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October 5, 2012
Osteoarthritis is one of the most common types of diseases in modern elderly, and it is estimated that about 8.5 millions of today’s British citizens, including about 40 per cent of the Britons aged over 70, suffer from it. Osteoarthritis is a kind of arthritis linked to damage in joints caused by cartilage wearing out as a result of our daily activities. Unfortunately, for the moment there is no effective cure for this disease, but there are a few osteoarthritis treatment options which can be used to reduce the symptoms and pains related to this health condition. Those include mainly using medications, pain management technologies, little or moderate physical activities combined with plenty of rest, using various assistive devices (like grabbing and gripping tools, etc.), cortisone and lubrication injections, as well as home treatments and herbal remedies for osteoarthritis. Surgical procedures can be offered in the worst cases as another alternative treatment for osteoarthritis.
It is reported that a recent discovery by a group of scientists from the University of Newcastle could lead to creating a new very effective osteoarthritis treatment opportunity. After a series of scientific researches, the researchers found out that there are certain human DNA sections which get affected and can be responsible for the development of this health condition. Newcastle University expert group managed to define eight of such DNA sections, involved in production of cartilage, the very tissue in joints which gets damaged and causes this common health condition. It is believed that by altering or modifying these DNA sections it can be possible to make human body produce stronger cartilage tissue and treat/prevent osteoarthritis and other related diseases. This is a truly amazing breakthrough discovery of British scientists which can give hope to millions of arthritis and osteoarthritis sufferers around the world.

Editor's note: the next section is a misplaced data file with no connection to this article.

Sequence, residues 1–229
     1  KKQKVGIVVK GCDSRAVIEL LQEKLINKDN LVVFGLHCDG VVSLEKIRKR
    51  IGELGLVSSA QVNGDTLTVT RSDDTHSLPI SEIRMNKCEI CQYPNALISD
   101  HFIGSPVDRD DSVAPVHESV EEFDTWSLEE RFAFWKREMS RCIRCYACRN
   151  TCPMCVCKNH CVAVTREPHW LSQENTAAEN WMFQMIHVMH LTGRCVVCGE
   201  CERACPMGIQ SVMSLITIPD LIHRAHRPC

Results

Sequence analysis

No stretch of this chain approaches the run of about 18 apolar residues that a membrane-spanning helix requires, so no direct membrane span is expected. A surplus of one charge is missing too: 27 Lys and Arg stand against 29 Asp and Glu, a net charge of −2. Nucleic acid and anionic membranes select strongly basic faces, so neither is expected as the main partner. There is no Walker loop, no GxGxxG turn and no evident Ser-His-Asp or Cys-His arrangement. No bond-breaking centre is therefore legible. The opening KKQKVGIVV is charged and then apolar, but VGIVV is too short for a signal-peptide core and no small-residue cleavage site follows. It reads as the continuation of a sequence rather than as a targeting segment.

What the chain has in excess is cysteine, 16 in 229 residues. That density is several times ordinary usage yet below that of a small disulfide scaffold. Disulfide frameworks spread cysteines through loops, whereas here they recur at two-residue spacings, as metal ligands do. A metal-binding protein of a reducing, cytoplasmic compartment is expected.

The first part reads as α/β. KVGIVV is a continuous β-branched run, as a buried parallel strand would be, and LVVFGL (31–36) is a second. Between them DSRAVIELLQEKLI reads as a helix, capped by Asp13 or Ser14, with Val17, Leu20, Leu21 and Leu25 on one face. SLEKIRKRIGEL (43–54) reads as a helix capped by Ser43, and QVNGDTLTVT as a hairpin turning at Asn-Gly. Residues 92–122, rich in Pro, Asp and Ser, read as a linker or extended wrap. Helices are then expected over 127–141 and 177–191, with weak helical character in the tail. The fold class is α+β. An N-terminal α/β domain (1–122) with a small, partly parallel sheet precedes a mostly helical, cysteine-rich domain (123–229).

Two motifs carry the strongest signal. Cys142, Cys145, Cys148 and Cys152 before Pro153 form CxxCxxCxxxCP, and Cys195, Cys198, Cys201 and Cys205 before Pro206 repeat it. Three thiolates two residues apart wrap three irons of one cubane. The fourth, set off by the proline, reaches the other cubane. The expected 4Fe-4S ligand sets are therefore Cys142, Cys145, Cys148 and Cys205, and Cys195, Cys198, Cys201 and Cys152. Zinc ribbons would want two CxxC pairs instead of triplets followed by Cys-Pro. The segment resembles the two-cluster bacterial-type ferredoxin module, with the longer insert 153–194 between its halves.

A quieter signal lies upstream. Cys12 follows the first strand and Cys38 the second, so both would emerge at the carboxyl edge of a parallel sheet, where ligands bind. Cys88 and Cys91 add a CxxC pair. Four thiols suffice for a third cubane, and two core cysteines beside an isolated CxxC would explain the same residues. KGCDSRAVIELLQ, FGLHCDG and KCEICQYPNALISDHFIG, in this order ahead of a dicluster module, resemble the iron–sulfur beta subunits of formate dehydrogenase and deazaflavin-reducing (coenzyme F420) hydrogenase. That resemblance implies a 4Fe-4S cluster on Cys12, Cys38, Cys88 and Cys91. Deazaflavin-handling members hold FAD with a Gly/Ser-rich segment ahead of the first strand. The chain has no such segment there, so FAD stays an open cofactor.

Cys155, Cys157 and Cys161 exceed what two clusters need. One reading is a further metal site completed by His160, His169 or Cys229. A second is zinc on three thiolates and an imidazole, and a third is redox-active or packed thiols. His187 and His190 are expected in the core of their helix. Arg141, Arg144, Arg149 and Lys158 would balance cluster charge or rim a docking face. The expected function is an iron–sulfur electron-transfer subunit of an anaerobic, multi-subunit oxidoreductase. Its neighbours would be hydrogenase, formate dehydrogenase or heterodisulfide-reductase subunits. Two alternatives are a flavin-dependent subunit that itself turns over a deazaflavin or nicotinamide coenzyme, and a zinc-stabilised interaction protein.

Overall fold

During the research, the experts looked at the data on almost 7,500 osteoarthritis patients, and the main part of the study was comparing their DNA sections to the ones of other participants who do not have osteoarthritis. Newcastle scientists are convinced that their findings published this summer in the journal Lancet, marked the first step on the way to a new osteoarthritis treatment. However, they underline the importance of further studies before coming up with a new approach to treating this health condition. ‘We would dearly like to use the information gathered to enable patients’ cells to be modified to ensure they make better cartilage. But it’s a long way off,” said Professor John Loughlin, one of the leaders of the scientific research group.
Professor Loughlin said that actually his scientific group has been going on working and researching the issue more thoroughly. In particular, they are trying to figure out what exact genes are responsible for fatal changes in cartilage tissues leading to osteoarthritis. In addition, they are working to find out if gene therapy as possible osteoarthritis treatment can be applicable to any patient who suffers from this disease. He says that his colleagues are close to using their findings for starting the first genetic tests aimed on making effective prediction who of the patients are at the highest risk of developing the disease. ‘It’s a major breakthrough, the largest study of its kind performed in this world to date,” Prof. Loughlin said. The scientists are especially interested in the fact that osteoarthritis has an obvious family history, making genetics one of the primary causes of this health condition.
Other specialists gave very positive comments on the findings of Newcastle scientific group. ‘This is a major breakthrough in our understanding of osteoarthritis which we hope will help us to unlock the genetic basis of the disease,’ said Professor Alan Silman,a consultant rheumatologist at the Manchester Royal Infirmary and medical director of Arthritis Research UK. He said that osteoarthritis is one of the diseases which is not easy to to diagnose, and it takes on average three years to aging sufferers to start receiving a proper osteoarthritis treatment. According to the expert, currently this diseases causes over 3 billion pounds loss in working time, and it is estimated that by the year 2030, the number of osteoarthritis sufferers will increase up to 17 million, mainly due to increasing obesity rates in modern society. You can find more information about the findings and comments of the experts as to potential treatment for osteoarthritis in this article.Author Info: Hi! My name is Carla and I am a 5th year medical student at HYMS. I am interested in alternative medicine and I have done months researching the topic of herbal medicine. Besides, I like interviewing people and learning more about their experiences with one or another type of herbal treatments. I am willing to contribute to this site with my knowledge, and I would be happy to help you out to the best of my ability with any specific questions or problems related to alternative medicine.